Great Coalition failures: Banking


Everybody seems to have had fun with yesterday’s analysis of the Coalition Agreement and its provisions on ‘Jobs and Welfare’ – so let’s have a look at another part of it:


The banking crisis, coupled with incessant propaganda from the Conservative Party and the right-wing press, brought down the Labour government in the 2010 general election. The incoming Coalition government promised reform – but did it deliver?

In recent years, we have seen a massive financial meltdown due to over-lending, over-borrowing and poor regulation [Conservatives were lobbying for less regulation, right until the crash happened]. The Government believes that the current system of financial regulation is fundamentally flawed and needs to be replaced with a framework that promotes responsible and sustainable banking, where regulators have greater powers to curb unsustainable lending practices and we take action to promote more competition in the banking sector. In addition, we recognise that much more needs to be done to protect taxpayers from financial malpractice and to help the public manage their own debts.

  • We will reform the banking system to avoid a repeat of the financial crisis, to promote a competitive economy, to sustain the recovery and to protect and sustain jobs [flannel – but it is just an introduction; setting out the stall, if you like].
  • We will introduce a banking levy and seek a detailed agreement on implementation [The levy, as eventually imposed, was effectively a tax break for the banks, whose share prices actually rose when it was announced].
  • We will bring forward detailed proposals for robust action to tackle unacceptable bonuses in the financial services sector; in developing these proposals, we will ensure they are effective in reducing risk [The Coalition’s bank levy was devised to raise no more than £2.5 billion per year, while bonuses for the year of its introduction were believed to total around £7 billion. No effective effort has been made to curb excessive bonus payments in banks].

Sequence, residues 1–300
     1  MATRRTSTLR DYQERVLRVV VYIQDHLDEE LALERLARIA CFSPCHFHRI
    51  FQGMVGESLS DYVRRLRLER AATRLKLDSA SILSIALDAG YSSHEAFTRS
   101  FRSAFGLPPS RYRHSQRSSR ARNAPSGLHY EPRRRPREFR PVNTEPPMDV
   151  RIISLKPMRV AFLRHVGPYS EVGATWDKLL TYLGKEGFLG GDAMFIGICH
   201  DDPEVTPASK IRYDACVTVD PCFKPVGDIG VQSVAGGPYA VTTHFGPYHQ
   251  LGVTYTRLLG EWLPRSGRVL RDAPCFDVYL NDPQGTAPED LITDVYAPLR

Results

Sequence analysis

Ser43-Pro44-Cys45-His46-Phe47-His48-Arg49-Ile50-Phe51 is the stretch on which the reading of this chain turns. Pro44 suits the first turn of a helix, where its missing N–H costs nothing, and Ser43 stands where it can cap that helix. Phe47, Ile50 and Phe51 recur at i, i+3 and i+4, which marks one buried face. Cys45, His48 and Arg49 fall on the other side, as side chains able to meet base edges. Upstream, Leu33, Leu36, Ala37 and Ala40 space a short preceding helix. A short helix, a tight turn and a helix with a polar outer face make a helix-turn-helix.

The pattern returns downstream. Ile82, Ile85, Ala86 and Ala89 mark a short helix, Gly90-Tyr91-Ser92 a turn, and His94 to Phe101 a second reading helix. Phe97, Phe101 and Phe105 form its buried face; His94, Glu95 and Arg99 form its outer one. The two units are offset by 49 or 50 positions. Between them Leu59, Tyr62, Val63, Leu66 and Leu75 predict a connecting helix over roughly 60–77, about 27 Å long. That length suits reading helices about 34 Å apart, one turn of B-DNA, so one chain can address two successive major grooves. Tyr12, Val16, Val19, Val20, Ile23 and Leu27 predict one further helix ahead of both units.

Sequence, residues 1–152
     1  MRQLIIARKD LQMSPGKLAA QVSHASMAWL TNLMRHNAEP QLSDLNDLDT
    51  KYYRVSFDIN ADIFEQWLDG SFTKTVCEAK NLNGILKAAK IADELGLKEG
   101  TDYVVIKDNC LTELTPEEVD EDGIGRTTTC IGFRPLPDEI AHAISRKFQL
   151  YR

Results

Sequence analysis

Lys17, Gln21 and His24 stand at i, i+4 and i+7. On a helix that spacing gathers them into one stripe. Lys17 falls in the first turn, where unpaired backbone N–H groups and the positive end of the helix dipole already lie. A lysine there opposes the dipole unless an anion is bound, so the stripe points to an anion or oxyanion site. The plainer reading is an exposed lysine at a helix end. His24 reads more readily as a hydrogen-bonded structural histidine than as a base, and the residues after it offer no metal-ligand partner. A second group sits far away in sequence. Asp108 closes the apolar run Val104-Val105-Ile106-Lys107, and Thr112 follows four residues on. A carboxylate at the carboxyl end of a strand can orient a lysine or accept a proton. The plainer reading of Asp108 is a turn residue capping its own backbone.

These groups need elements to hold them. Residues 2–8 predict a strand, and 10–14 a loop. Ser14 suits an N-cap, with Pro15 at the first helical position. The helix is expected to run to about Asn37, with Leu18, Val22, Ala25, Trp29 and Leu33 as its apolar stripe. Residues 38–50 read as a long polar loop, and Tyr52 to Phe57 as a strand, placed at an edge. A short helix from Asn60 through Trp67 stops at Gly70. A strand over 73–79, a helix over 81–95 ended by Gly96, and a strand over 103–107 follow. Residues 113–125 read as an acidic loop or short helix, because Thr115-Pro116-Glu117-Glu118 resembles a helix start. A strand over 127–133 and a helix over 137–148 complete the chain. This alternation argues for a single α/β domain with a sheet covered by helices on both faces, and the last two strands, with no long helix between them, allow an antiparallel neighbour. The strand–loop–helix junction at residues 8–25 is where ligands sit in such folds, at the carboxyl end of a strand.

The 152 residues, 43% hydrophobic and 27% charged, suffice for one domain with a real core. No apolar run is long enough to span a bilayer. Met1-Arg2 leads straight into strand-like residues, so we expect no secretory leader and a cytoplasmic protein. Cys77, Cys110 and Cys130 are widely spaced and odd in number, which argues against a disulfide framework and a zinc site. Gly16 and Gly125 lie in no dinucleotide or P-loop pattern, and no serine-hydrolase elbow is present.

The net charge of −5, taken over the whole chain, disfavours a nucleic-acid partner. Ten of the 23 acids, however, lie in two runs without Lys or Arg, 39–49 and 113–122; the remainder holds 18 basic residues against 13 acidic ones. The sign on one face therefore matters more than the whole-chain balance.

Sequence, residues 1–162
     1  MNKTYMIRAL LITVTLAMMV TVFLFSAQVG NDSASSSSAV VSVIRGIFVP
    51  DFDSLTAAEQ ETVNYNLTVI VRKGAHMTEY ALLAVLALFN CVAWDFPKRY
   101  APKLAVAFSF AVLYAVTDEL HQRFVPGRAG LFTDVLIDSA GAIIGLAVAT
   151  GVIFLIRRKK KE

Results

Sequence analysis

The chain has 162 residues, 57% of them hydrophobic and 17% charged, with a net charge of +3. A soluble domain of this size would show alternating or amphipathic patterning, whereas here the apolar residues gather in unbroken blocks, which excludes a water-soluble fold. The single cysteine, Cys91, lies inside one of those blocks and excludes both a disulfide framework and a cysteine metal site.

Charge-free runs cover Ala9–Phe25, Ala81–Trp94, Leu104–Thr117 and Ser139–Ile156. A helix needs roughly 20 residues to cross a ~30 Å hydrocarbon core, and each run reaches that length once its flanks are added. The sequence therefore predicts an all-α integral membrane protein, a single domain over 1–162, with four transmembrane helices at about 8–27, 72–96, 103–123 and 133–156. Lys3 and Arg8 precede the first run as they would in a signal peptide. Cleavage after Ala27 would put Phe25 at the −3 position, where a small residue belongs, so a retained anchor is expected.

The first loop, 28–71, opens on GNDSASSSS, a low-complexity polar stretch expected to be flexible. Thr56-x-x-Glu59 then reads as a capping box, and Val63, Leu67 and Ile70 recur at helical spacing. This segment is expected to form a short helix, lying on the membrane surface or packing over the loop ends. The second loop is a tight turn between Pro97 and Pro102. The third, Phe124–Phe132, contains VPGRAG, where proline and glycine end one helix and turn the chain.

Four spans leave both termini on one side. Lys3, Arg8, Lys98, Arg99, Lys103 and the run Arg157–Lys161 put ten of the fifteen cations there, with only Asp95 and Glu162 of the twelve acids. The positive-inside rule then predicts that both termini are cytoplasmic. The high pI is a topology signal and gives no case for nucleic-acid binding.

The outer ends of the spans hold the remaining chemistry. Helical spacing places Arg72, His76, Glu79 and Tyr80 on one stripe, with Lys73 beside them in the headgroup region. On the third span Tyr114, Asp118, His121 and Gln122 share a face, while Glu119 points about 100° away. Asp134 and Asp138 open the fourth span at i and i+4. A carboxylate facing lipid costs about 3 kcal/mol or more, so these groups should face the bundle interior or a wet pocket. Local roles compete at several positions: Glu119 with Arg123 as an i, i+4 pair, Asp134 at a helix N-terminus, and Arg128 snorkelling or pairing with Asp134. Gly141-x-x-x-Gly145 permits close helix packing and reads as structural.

• We want the banking system to serve business, not the other way round. We will bring forward detailed proposals to foster diversity in financial services [diversity has fallen off], promote mutuals [these plans were criticised as having ‘no legs’] and create a more competitive banking industry [no sign of this yet].
  • We will develop effective proposals to ensure the flow of credit to viable SMEs [by the end of 2013, more than 70 per cent of small business owners said they believed the government had produced little or no effect in this regard]. This will include consideration of both a major loan guarantee scheme and the use of net lending targets for the nationalised banks.
  • We will take steps to reduce systemic risk in the banking system and will establish an independent commission to investigate the complex issue of separating retail and investment banking in a sustainable way; while recognising that this will take time to get right, the commission will be given an initial time frame of one year to report [current situation: banks have until January 2015 – nearly the end of the Coalition’s term in government – to detail how they propose to manage this separation].
  • We will reform the regulatory system to avoid a repeat of the financial crisis. We will bring forward proposals to give the Bank of England control of macro-prudential regulation and oversight of micro-prudential regulation [some reform appears to have taken place but have not yet been tested].
  • We rule out joining or preparing to join the European Single Currency for the duration of this agreement.
  • We will work with the Bank of England to investigate how the process of including housing costs in the CPI measure of inflation can be accelerated [this has not happened].
  • We will create Britain’s first free national financial advice service, which will be funded in full from a new social responsibility levy on the financial services sector.
  • We take white collar crime as seriously as other crime, so we will create a single agency to take on the work of tackling serious economic crime that is currently done by, among others, the Serious Fraud Office, Financial Services Authority and Office of Fair Trading [plans for this agency will not be published until the end of 2014 at the earliest].

Conclusion: Where the Coalition has made decisions, they have been weak, meaning banks have enjoyed business as usual for the last four+ years instead of enduring the promised crackdown. Many measures – like the separation of retail and investment banking that we were told was absolutely vital to protect our savings – have not happened at all.

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1 thought on “Great Coalition failures: Banking

  1. amnesiaclinic

    I think this is very good, Mike to go through their promises and comparing it with the actual reality. So many people just forget but when you see it in black-and-white you realise how much was promised and how little carried through.

    We need a far more robust system of holding politicians and governments accountable!

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